Boos and applause greet action board finds necessary to protect children

By Liz Schevtchuk Armstrong

The Philipstown Town Board on Thursday (April 5) adopted a law requiring a firearm to be locked up when the owner leaves home without it and children are present or likely to be present.

Ending 18 months of intermittent debate, the 5-0 vote occurred at Town Hall during the monthly meeting of the board, which declined to hear public comment before acting. Some audience members gave the board a standing ovation. Others booed.

The law states that “no owner or custodian of a firearm shall leave” a handgun, rifle or shotgun “out of his or her possession or control in a residence” while knowing, or having reason to know, that anyone under age 18 is at home, unless the owner is also present or gives the gun “to a lawful custodian,” stores it in a locked container or disables it with a trigger lock. (Click here to read entire text of law.)

The board continued to fine-tune the proposal as late as Monday (April 2), changing wording that said a violator “shall” be subject to a fine of up to $1,000 and/or a year in the Putnam County Jail to “may” be subjected to those penalties.

A public hearing on Feb. 21 nearly filled the Haldane school auditorium as proponents and opponents made impassioned arguments. After that outpouring of testimony, the board scrapped its plan for an immediate vote.

The Philipstown law requires gun owners to secure their weapons in safes or with a trigger lock whenever they leave home without the weapon and haven’t entrusted it to another adult.

A draft introduced in December but discarded before the Feb. 21 hearing would have compelled gun owners to lock up or disable a weapon whenever it was not in the owner’s immediate possession, even if he or she were in the house.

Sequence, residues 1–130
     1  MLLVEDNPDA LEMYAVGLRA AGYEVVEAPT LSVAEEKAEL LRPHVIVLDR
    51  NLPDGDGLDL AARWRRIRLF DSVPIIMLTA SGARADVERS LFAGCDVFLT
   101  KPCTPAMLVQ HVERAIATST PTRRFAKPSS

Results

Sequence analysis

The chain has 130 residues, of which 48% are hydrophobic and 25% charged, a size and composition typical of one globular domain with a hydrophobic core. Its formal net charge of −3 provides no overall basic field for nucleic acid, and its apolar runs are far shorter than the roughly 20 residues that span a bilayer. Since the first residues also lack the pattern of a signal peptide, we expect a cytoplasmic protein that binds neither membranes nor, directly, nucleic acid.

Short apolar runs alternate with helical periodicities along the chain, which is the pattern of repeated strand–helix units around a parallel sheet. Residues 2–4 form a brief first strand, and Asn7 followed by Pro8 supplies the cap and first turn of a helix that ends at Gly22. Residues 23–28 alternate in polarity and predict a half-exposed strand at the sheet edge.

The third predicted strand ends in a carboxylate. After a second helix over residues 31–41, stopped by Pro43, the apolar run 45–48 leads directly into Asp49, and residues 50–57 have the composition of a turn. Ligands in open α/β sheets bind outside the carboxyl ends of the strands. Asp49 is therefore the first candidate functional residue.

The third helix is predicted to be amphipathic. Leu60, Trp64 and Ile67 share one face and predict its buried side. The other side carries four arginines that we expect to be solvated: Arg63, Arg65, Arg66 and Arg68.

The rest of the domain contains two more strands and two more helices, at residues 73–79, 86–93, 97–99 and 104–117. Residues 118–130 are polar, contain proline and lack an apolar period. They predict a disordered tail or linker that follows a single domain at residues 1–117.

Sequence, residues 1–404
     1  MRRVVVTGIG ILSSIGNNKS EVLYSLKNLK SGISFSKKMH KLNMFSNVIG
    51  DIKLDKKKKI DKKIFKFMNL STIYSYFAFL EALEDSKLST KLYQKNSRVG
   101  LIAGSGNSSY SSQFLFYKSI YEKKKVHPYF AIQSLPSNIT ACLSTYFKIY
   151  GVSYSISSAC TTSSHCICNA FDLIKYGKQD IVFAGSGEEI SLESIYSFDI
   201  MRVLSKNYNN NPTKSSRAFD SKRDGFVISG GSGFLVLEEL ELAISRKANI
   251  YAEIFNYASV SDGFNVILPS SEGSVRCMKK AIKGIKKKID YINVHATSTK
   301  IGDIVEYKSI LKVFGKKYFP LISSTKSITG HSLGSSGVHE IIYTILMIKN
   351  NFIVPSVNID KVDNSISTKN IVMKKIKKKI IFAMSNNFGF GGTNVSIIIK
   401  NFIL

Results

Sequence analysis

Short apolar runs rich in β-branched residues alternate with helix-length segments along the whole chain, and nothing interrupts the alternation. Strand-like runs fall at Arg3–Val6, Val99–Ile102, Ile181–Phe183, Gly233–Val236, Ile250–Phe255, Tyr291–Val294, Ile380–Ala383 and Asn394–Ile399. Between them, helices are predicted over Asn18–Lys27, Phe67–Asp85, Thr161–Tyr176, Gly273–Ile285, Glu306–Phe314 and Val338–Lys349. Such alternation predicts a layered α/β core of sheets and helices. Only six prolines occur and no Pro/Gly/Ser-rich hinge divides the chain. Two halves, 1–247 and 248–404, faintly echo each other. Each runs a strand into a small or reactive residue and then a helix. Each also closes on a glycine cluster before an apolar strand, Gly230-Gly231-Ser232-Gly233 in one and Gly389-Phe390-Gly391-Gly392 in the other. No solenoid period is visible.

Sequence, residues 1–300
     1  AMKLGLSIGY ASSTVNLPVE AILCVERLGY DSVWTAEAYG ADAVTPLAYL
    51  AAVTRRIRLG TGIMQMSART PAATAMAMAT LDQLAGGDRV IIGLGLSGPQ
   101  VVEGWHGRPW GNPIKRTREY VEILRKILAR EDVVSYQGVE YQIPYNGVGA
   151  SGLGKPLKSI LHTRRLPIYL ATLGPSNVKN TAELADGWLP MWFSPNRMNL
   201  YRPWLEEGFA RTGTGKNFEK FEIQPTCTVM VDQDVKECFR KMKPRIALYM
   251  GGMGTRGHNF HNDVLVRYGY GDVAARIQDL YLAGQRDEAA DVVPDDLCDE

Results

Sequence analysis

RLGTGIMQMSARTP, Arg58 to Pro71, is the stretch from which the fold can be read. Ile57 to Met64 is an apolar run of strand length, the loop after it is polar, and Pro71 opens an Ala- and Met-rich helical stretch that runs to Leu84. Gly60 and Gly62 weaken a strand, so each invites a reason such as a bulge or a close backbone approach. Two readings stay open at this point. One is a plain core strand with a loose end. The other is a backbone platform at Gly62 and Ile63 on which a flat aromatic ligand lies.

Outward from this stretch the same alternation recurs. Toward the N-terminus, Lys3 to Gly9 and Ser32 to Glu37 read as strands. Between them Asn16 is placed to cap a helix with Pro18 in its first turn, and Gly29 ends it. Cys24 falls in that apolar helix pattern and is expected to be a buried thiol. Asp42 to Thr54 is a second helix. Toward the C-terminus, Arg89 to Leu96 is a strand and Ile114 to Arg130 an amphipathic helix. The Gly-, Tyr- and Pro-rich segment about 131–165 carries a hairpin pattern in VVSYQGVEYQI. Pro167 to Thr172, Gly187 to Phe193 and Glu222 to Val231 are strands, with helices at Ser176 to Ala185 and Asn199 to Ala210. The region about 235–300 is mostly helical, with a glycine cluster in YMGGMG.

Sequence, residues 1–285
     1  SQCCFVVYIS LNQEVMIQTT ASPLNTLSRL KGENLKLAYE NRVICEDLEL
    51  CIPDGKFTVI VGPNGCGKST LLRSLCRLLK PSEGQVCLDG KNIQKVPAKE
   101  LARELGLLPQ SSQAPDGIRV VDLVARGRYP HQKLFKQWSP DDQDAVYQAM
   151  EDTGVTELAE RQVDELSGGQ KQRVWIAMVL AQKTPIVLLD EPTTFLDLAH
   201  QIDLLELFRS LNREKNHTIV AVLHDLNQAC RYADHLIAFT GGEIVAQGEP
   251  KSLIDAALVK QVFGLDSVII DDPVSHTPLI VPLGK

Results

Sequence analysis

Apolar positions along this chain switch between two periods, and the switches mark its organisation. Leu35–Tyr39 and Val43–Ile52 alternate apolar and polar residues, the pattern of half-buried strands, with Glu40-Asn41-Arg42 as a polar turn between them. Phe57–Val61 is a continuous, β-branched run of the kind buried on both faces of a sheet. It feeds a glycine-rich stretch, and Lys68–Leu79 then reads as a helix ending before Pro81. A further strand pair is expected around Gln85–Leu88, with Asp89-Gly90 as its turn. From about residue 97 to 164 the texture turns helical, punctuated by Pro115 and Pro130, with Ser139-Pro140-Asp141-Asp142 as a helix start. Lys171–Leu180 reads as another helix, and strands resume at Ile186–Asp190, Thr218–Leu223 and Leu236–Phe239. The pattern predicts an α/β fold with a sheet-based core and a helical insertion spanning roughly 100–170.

In the Heller case in 2008, the U.S. Supreme Court ruled that requiring that a gun at home always be disabled or locked up is unconstitutional because it makes it impossible for the owner to readily use the gun in self-defense.

Town Board members described the law as a logical approach that does not contravene a right to self-defense.

“We’re on firm legal ground with this. There have been stricter laws passed all around the state,” Supervisor Richard Shea said.

Councilor John Van Tassel described a “hysteria on both sides of this matter, nationwide” but proposed that “somewhere in the middle there’s common sense. This law is common sense. Whether it’s going to affect anybody, help anybody, has to be determined. But if nothing else, it’s been educational for everybody” in town to focus on the topic. He added that gun-owners, whether for or against the law, “went home and said, ‘Where is my gun? Is it secure?’ ”

Originally “I was not in favor of this,” Councilor Robert Flaherty remarked, but after the public hearing and numerous conversations with gun-owners and non-owners, he concluded that “everyone is in favor. This is straightforward and easy to understand. It makes sense.” However, he cautioned, if in the future the board attempts “to improve it or strengthen it, I will not support it.”

Audience members await the Philipstown Town Board’s vote April 5 on a law regulating the storage of guns. Many wore NRA stickers. (Photo by L.S. Armstrong)

But Councilor Nancy Montgomery said she “would like to see a stronger law.” She suggested that in time “we’ll come to a point, maybe not unanimously, where we all understand that if your gun is not on you, it should be locked up. And I intend to pursue that.” She recalled the many feelings expressed as the town considered the law. Ultimately, she said, she determined that “it’s not really about what we feel. It’s about guns. It’s about injury. It’s about death.”

Board members observed that they had received hundreds of messages, from as far away as Nebraska. Montgomery said one arriving that day from an area sportsmen’s rifle association complained “that ‘it’s a burden’ to require a gun-owner to purchase a lock. Therefore we have gun-owners who are not locking their guns.” So she bought gun locks and placed them in a basket at the board’s dais. “These are free,” she announced. “We’ll have them here in Town Hall. When they run out, we’ll have more.”

Most audience members left after the vote. During the later public comment period, no critics spoke. But Cali Gorevic, a resident, thanked the board “for taking steps toward gun control” and Claudio Marzollo, another resident, commended it “for standing strong.”